Posts Tagged ‘cannibalism’



Anne Hathaway stars in this pseudo-monster story, in which an adrift woman moves home after a break-up and discovers that she shares a mental link with a Kaiju terrorizing the people of Seoul, South Korea.

It sounds like the set-up to a quirky dark comedy but “Colossal” remains paralyzed between genres, managing only to be too serious to be funny and to offbeat to be taken seriously. The result is an off-putting mishmash of tone that wastes what minimal goodwill is brought by the cast, including Jason Sudeikis and Tim Blake Nelson. The plot itself hinges on a series of plot contrivances that make less and less sense as the conclusion nears.

Grade: C-



In “Raw” a bright, talented and unflinchingly vegetarian student, Justine, enrolls at a veterinary school and struggles to find her place amidst a tradition of byzantine and tiresome hazing rituals. After one such task requires her to eat a rabbit kidney, Justine takes a liking to the taste of meat, which slowly escalates to an insatiable and (ahem) taboo extreme.

It’s an impressive slow-burn and an increasingly unsettling piece of work by director Julia Ducournau. It take a minimalist approach to the grotesque, creating squirm-inducing images with an air of high art. Under a different director, particularly an American one, “Raw” would likely be a vapid, gore-porn slog. But with its European sensibilities and restrained amusement in the unpleasant, the film makes for something truly special.


Ingrid Goes West

Think of it as “Instagram Millenials: THE MOVIE!” Aubrey Plaza stars as Ingrid, a delusional and social-media addicted stalker who, after seeing a magazine profile of a California socialite (Elizabeth Olsen), decides to move to Los Angeles and become best friends with her new internet obsession.

“Ingrid” keeps things light, plumbing the comedy out of its protagonist’s mania, while also keeping a hard edge that churns under the surface of its characters seemingly blase narcissism. Olsen, who got her start in the excellent and Sundance-premiered “Martha Marcy May Marlete” is able to flex dramatic muscles that have been kept in a box while she endlessly hand-waves in Marvel Movies. But her character is largely caricature, leaving a vacuum for supporting actors Wyatt Russell and O’Shea Jackson Jr. to steal every scene they’re in.

Grade: B


Oklahoma City

The 1995 Oklahoma City bombing is the worst act of domestic terrorism in American history, and in “Oklahoma City,” it gets the documentary treatment it deserves.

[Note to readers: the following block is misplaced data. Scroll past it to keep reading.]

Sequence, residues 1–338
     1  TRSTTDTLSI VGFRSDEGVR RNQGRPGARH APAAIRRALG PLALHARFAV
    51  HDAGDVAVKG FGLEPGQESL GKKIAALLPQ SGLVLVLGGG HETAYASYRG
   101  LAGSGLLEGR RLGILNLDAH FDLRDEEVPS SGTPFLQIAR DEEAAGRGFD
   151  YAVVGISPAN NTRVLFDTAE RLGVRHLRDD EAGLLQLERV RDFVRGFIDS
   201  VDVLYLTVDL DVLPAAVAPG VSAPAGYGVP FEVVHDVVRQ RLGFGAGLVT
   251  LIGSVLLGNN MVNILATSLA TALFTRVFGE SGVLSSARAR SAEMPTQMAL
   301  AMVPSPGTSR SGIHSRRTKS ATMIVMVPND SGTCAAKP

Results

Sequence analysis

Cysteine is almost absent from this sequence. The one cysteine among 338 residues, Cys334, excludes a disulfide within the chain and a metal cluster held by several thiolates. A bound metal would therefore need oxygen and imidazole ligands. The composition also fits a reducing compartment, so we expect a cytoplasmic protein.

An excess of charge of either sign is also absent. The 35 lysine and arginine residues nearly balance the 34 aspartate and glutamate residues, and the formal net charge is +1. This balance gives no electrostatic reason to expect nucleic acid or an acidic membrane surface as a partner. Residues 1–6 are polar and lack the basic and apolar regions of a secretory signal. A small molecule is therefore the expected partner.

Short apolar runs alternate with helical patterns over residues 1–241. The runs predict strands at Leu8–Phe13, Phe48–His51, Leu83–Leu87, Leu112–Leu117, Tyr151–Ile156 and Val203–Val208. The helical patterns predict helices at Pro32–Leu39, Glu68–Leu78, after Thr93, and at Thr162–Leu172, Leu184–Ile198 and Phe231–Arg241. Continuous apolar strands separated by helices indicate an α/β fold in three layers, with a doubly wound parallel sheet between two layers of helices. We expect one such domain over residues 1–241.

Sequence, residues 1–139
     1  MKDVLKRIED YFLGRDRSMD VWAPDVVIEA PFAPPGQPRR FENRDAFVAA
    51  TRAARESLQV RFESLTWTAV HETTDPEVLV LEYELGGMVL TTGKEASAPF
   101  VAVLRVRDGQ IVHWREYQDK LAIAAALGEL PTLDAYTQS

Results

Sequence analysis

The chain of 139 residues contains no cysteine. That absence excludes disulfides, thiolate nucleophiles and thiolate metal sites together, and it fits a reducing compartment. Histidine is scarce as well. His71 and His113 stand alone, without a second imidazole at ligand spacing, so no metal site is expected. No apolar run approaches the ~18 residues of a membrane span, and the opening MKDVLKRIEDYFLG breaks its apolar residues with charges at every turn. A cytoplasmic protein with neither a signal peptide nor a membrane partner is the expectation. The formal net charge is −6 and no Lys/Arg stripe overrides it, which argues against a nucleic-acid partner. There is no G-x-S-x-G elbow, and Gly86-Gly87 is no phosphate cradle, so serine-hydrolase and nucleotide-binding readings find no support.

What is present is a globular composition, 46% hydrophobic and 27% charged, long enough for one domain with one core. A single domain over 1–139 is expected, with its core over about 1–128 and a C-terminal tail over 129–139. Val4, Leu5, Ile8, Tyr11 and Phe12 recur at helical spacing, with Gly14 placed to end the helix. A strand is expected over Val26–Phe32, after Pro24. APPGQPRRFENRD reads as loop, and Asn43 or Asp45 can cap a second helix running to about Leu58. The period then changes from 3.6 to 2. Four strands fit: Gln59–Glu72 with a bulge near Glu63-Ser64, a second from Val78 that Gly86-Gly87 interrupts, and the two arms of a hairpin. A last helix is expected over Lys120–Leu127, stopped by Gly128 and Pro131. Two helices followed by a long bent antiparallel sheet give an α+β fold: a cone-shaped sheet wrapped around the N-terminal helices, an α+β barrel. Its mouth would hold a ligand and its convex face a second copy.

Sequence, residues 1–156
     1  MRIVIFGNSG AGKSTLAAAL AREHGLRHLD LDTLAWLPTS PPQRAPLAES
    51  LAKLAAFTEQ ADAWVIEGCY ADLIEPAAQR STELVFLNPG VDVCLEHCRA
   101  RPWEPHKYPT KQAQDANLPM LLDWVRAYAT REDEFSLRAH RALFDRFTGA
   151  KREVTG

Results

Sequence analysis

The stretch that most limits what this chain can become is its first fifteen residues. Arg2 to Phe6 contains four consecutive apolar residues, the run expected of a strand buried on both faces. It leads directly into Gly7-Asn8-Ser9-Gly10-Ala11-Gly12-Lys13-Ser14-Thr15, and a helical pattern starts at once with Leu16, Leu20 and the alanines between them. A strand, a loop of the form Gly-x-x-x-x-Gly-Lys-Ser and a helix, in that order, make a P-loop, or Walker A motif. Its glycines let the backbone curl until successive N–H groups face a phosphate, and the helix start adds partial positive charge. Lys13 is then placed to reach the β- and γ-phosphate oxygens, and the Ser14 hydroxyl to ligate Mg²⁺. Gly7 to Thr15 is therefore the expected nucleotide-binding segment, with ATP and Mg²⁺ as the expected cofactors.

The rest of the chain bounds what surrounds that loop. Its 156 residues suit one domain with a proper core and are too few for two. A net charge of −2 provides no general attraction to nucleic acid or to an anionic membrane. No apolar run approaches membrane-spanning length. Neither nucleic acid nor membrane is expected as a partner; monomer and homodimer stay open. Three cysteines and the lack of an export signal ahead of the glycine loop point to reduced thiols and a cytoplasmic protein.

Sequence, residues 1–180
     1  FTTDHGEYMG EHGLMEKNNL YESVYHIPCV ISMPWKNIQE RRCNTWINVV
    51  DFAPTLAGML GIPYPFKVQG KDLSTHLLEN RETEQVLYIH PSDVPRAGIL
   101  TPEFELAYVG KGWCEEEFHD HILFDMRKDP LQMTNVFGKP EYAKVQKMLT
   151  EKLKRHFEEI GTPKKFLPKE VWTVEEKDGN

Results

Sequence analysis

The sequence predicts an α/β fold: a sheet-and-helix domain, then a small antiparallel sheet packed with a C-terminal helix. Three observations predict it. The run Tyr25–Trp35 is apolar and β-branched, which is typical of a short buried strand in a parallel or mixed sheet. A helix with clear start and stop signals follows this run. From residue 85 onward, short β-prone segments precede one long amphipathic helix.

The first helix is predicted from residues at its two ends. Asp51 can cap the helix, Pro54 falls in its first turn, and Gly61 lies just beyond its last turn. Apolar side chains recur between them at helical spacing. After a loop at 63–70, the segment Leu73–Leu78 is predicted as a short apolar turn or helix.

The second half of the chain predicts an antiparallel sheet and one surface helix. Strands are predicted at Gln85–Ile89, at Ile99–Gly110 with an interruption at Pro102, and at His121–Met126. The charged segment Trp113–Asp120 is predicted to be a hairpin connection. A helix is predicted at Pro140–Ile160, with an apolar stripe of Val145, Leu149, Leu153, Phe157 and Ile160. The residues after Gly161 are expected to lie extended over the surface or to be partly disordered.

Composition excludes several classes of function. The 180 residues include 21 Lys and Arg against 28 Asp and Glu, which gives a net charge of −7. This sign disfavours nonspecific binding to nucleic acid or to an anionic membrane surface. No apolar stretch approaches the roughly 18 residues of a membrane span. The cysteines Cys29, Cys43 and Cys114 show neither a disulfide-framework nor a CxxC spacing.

Director Barak Goodman’s piece is a disciplined, thorough and haunting examination of the event itself, while also paying due diligence to the connect the threads that led to the killing of 168 people in the Alfred P. Murrah Federal Building. From Ruby Ridge to Waco, Texas, Goodman connects the threads with elegance, showing the rise of anti-government extremism and white nationalism that motivated Tim McVeigh, all backed up with an impressive catalog of archival footage and first-person testimonials.

Grade: A


Killing Ground

A couple on a camping trip arrive at a picturesque bend in the river, with a tent standing where another group is camping nearby. But when those campers fail to return to their possessions, the couple begins to worry that something has gone wrong.

The set up is great, as is much of the execution. One tracking shot, in particular, is perfect, shifting from Act I to Act II like a bolt of lightening.

But the film is also too eager to show its hand, doling out information in abundance when mystery should be preserved. The fate of the other camping group, best left for a later reveal, is all but disclosed immediately in broad strokes, leaving nothing but the specific details to work out. “Killing Ground” also makes several wise choices with the relationship of its central characters, but those strengths are undercut by brutally violent scenes that tend to distract more than strengthen investment in the story.

Grade: B-


Before I Fall

In this mashup of “Groundhog Day” and “Mean Girls,” based on the YA novel of the same name, Zoey Deutch stars as sam, a high school senior who is trapped in a one-day time loop after her friends are involved in a car crash after a party.

The device allows for the type of evolution you would expect, as Sam is forced to reevaluate her loyalty to her rude and WASPy best friend and her treatment of her family and classmates. But what “Before I Fall” does well is allow for all of its characters to evolve, from two-dimensional archetypes in the first act to sympathetic and layered personas by the film’s end. It’s still hobbled by its YA mood, where high school is life and death and mean girls are dictators, but it has more in its head than its peers and Deutch is a winning lead, making for an altogether positive results that exceeds expectations.

Grade: B


L.A. Times